On Monday, I had an exchange with a disabled veteran about healthcare from the Veterans Affairs. The discussion was about whether VA healthcare is the same as civilian healthcare. It took place on the Facebook group “Disabled Veterans – Chapter 31 Voc Rehab.”
Background: I met with the Department of Veterans Affairs last march about Chapter 31 Vocational Rehabilitation. Part of that policy discussion centered on health insurance for disabled veterans in college.
During my meeting with Director Fanning, head of Voc Rehab, she agreed that it was time for VA to consider mandatory insurance as a regular fee VA will now pay.
I wrote an article about it: Vocational Rehab to Pay Health Insurance Fees for Veterans. This policy change will cost Voc Rehab around $30 million per year if all eligible disabled veterans take advantage of it.
I wanted to include this message exchange because it highlights a few points I missed in the earlier article. Private health care can help you prove your disability claim.
Back to the Facebook group, one veteran wrote in:
“But the “Health Insurance” is only basic medical not real health insurance. It is what my daughters had when they went to college. They offered no more than the VA did. What is the benefit to us?”
My response was as follows:
“Are you serious? Here is the difference: you get to CHOOSE your doctor with insurance and they will likely have quality training and speak English clearly. The VA uses many low cost foreign doctors who are training into the US system, and the number of malpractice instances committed by poor VA healthcare are sky rocketing for that reason and because hiring standards are low.
I just wrote an article where 1 doctor killed 5 veterans from December to March 2012. He was no longer qualified to work as a doctor outside of the VA system. https://www.disabledveterans.org/2012/05/30/five-veterans-deaths-linked-va-medical-center/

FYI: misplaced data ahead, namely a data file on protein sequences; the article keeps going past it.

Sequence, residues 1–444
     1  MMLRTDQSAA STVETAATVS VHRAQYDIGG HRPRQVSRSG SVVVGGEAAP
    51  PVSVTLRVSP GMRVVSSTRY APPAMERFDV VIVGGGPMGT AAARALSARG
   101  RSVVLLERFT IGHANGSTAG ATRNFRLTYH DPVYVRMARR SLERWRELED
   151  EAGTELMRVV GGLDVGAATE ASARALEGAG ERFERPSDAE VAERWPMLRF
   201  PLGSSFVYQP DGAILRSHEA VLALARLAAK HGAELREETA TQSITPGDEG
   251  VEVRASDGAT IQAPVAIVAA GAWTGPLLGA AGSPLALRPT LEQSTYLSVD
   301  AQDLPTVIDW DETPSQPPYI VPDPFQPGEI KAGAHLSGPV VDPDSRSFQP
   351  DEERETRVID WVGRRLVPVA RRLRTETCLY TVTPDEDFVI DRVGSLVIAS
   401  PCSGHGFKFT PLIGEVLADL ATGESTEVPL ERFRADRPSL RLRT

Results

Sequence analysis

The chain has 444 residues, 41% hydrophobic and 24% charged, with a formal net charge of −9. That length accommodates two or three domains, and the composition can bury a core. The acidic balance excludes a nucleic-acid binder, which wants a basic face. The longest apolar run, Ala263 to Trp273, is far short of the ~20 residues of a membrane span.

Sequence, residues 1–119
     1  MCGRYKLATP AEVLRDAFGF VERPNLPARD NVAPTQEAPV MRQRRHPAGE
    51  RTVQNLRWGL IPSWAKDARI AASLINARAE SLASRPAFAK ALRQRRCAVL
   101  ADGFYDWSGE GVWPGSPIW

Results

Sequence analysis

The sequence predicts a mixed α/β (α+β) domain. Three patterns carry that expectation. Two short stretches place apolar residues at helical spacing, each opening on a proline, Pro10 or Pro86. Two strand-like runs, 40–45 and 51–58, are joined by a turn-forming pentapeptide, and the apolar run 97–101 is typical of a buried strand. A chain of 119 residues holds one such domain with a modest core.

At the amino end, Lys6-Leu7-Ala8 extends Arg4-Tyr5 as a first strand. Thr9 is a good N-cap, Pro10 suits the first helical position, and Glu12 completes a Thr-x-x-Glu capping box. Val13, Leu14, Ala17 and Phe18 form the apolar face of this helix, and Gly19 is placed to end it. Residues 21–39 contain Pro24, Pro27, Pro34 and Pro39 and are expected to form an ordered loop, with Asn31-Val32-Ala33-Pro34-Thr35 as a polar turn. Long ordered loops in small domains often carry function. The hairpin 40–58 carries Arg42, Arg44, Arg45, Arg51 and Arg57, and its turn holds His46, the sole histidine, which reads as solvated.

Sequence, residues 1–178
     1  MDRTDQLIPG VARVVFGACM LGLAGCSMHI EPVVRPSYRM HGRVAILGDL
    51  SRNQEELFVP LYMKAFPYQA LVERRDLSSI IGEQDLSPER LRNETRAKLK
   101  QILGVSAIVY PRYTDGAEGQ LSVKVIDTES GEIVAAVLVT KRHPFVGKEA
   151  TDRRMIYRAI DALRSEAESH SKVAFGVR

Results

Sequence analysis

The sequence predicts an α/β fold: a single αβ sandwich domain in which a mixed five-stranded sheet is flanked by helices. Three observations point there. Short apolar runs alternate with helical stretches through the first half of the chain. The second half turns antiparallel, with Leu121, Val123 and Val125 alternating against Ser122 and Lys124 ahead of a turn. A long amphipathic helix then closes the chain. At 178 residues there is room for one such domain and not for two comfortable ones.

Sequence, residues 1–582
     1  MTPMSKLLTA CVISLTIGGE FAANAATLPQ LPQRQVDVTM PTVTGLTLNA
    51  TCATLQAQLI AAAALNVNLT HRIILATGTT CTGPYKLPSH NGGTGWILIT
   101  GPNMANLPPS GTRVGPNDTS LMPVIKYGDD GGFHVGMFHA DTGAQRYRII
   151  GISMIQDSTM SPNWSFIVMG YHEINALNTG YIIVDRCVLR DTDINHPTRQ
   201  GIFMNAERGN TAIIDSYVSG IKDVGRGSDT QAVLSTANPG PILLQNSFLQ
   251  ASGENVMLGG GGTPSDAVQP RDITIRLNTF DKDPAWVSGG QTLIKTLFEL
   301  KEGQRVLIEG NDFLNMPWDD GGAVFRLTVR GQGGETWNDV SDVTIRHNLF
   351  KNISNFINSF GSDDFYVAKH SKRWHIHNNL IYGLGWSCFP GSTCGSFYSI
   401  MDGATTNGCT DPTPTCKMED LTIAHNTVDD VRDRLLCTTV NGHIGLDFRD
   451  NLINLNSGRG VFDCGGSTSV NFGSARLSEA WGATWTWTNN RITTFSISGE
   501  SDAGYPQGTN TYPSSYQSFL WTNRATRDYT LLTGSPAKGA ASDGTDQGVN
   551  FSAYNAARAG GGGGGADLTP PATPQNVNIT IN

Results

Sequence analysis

Actual insurance coverage depends on the college’s selection. At the University of Minnesota, where I attend law school, they provide: ‘100% coverage for doctors’ office visits for illnesses or injuries; 100% coverage for routine preventive care such as eye exams, cancer screenings, and prenatal care; 100% coverage for casts and crutches; $10 copays for mental health clinic visits; and many other low costs for high-quality services.’
Many vets get stuck with emergency room bills, when treated at non VA hospitals for emergencies, that the VA won’t pay because VA has an impossible time paying 3rd party health providers. So, lots of vets were being sent to collections while in college.
In addition, by requiring vets to waive health insurance the way VA was doing was actually borderline fraudulent. THAT is the big difference.
A major advantage for veterans is that they can see NON VA DOCTORS. These doctors can help you document your disability claim in a way VA doctors will not. And, if they screw up your health care, you can sue them for medical malpractice.
Plus, it allows veterans to purchase dental insurance at a discounted rate. If you still want to go to the VA, for some crazy reason, feel free, and the health care will still be free after you wait forever for the appointment.
Coverage depends on the college. Some colleges provide better health insurance than others. The University of Minnesota uses Blue Cross Blue Shield. The insurance option sounds pretty damn good to me. Oh, and you don’t need to wait 4 months for a doctor’s appointment or 8 hours for an ER visit. I hope this answers any questions. http://www.shb.umn.edu/twincities/students/student-health-benefit-plan.htm”